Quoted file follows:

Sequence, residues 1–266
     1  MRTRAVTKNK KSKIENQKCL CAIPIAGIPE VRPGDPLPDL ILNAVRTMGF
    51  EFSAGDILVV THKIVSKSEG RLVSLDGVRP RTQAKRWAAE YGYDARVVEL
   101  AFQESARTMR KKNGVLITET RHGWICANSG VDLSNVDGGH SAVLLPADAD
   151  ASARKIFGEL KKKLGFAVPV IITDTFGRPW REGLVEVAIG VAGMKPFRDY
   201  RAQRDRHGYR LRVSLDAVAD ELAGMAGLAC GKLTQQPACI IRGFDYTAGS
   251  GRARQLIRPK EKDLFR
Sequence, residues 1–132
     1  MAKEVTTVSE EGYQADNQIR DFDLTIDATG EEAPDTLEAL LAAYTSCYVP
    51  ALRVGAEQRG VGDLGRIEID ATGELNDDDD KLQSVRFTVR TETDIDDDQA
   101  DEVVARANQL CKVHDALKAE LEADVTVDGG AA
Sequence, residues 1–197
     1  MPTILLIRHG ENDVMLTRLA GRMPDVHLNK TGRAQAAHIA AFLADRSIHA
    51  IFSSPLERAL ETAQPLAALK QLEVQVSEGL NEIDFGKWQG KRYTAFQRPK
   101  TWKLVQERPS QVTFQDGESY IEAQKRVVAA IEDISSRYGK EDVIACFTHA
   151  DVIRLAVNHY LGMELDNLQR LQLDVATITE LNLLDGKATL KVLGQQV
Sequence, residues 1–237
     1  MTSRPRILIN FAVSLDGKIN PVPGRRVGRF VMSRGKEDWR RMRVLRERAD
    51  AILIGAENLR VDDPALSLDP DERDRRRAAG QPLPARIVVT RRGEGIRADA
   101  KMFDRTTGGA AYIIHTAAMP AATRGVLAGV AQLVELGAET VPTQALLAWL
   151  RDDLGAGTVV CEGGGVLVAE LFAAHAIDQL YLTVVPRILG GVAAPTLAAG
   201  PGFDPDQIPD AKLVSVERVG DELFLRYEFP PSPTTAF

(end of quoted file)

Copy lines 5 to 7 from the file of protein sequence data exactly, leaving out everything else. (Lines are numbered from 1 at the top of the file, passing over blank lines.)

   151  ASARKIFGEL KKKLGFAVPV IITDTFGRPW REGLVEVAIG VAGMKPFRDY
   201  RAQRDRHGYR LRVSLDAVAD ELAGMAGLAC GKLTQQPACI IRGFDYTAGS
   251  GRARQLIRPK EKDLFR